A few months prior to the Sudan Referendum on self-determination of the south of the country, Washington has been showing an increased diplomatic activity in this process. The U.S. actively supported the idea of holding the referendum on time, at the beginning of January 2011. At the referendum the southerners have to decide whether to remain with the North as a part of a single state.
Special envoy of U.S. President on Sudan Gratio Scott recently traveled to several provinces of southern Sudan to assess the level of safety, local media reported.
Washington is very interested in splitting this large Muslim country of the African continent into two parts to prevent it from becoming al-Qaeda's base.
The American intelligence agency believes that the authorities in Khartoum maintain informal contact with the terrorist organization. This (according to Washington) puts Sudan on a par with Somalia and some other African nations where al-Qaeda has its bases. In the case of separation of the South from the North as a result of the referendum, the U.S. could establish its military base there, note Sudanese media.
A few years ago, the central government of Sudan tried to forcibly Islamicize southern areas of the country, whose population does not speak Arabic and are not Muslim. The government's attempts in Khartoum to extend Sharia law throughout the country have led to civil war.
The end of a protracted civil war between north and south was put by the Comprehensive Peace Agreement of 2005. According to this document, for six years, until the end of 2010, Sudan will be in a "transitional period" and then would hold a referendum on self-determination of the south.
However, six months before the referendum, in early June, the U.S. authorities officially informed the southern Sudan, that they were ready to recognize the new state in the event of Southerners' decision to secede from the north. The message was articulated by the Secretary General of the leading political force in southern Sudan, Sudan People's Liberation Movement (SPLM), Pagan Amum.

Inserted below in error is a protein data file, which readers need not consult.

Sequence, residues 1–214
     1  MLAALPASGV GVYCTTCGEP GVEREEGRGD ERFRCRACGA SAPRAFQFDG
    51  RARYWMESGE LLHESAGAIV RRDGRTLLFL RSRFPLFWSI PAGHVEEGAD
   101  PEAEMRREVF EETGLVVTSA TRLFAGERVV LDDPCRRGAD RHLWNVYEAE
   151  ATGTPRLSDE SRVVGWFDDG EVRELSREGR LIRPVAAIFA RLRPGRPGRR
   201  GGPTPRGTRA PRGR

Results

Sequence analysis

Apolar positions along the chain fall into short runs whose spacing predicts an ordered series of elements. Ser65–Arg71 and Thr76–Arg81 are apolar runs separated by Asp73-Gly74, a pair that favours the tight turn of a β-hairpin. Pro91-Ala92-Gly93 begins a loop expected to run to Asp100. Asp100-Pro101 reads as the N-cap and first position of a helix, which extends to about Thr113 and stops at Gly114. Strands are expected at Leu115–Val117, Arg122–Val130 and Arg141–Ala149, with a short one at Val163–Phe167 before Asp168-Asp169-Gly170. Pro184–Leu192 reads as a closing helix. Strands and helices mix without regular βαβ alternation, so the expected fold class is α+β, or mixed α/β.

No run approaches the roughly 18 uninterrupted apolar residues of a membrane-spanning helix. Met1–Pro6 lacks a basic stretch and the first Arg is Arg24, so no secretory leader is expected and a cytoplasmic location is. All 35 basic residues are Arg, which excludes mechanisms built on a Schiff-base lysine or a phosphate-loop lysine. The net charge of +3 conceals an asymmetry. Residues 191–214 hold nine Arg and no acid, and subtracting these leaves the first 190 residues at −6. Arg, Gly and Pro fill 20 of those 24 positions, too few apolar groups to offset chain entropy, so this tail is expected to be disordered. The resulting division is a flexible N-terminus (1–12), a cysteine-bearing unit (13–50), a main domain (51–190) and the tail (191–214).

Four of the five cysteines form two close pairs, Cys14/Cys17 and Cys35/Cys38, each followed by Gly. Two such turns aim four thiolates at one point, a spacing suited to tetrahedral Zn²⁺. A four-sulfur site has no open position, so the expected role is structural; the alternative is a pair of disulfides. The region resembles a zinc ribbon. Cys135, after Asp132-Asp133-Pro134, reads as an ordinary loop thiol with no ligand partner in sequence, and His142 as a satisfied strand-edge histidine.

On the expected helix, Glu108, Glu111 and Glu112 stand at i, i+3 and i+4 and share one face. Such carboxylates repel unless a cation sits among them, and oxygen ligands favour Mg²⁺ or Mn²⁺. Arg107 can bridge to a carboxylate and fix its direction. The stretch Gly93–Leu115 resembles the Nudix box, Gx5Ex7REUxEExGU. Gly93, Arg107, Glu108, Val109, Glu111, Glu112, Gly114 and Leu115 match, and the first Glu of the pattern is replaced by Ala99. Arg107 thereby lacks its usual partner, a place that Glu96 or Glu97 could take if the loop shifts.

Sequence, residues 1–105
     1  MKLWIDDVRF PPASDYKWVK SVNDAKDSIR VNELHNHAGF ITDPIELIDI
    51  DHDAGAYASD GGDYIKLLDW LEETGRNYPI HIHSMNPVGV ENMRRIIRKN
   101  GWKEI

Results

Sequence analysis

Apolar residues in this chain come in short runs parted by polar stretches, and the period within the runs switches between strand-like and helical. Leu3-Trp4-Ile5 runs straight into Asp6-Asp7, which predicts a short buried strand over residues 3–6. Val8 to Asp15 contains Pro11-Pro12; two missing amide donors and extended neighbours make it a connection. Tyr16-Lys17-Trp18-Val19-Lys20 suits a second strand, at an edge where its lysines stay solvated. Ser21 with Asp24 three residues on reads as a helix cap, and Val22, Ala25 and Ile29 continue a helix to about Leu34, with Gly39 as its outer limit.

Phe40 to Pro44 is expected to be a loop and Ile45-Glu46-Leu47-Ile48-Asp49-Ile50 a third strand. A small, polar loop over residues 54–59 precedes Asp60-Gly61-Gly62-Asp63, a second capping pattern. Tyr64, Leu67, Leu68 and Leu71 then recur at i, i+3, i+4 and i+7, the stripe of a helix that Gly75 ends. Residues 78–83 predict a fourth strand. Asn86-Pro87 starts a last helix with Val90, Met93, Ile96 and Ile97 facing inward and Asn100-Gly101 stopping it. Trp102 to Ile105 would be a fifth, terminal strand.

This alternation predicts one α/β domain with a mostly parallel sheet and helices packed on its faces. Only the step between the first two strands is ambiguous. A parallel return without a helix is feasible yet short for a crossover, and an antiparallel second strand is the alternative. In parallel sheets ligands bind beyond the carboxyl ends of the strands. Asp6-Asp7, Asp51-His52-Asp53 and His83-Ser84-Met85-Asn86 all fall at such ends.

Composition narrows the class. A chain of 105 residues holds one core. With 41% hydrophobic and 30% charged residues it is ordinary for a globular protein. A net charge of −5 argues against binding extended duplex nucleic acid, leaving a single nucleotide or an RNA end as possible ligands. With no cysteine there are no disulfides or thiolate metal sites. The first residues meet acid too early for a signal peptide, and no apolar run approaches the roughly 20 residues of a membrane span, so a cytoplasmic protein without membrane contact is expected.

The American administration is ready to accept and recognize the choice of Southerners. If they speak for the secession of the north, the U.S. will recognize the new state, Amum said. Pagan Amum participated in the talks with U.S. Vice President Joseph Biden and head of the Government of Southern Sudan Salva Kiir in the Kenyan capital Nairobi. He also said that Kiir and Biden agreed that the remaining time before the referendum is not enough to make life in the united country look attractive to the Southerners.
The U.S. promised to provide technical and financial support to southern Sudan and the election commission and to help it conduct a transparent referendum, which would reflect the will of the people of the south, said Amum.
For these purposes, the U.S. allocates 60 million dollars, said U.S. Consul General in Juba, Ava Rogers. According to her, financial assistance will be provided through the U.S. Agency for International Development, as well as U.S. independent agencies. She also stressed the need to respect the designated dates for the referendum in southern Sudan.
Meanwhile, the central authorities in Khartoum are showing less interest in holding a referendum on the secession of the south. Sudanese President Omar al-Bashir, although had promised to accept any outcome of the plebiscite, however, warned of the negative consequences of the collapse of the country.
In turn, the Referendum Commission appealed to the Sudanese government and the cabinet of the south with the requirement to defer the vote scheduled on January 9, 2011, told the representative of the Sudanese National Congress party, Ibrahim Ghandour.
The Government is currently reviewing the Commission's proposal to postpone the referendum, said Ghandour. He did not specify how long the commission wants to postpone the vote for. The capital of southern Sudan Juba negatively perceived attempts of Khartoum to postpone the referendum. The leader of the SPLM Pagan Amum sharply criticized the commission's work, saying that it is currently paralyzed."One of the obstacles in its work is the lack of agreement on the candidacy of Secretary General of the Commission.
In addition, by law, the commission must establish the final voter lists three months prior to the referendum - by 9 October 2010. However, its employees have not started compiling these lists yet. As of yet, it was impossible to start work in determining the exact borders between northern and southern Sudan, without which the referendum is impossible.
However, Amum said to television channel Al-Jazeera that Southerners will never agree to the postponement of the referendum.
Obama's envoy's trip to southern Sudan four months before the referendum shows that the United States is enthusiastic to support the position of the Sudan People's Liberation Movement at the diplomatic level. That confirms once again that a referendum on self-determination of southern Sudan opens the way for the emergence of a new pro-American state in the heart of Africa.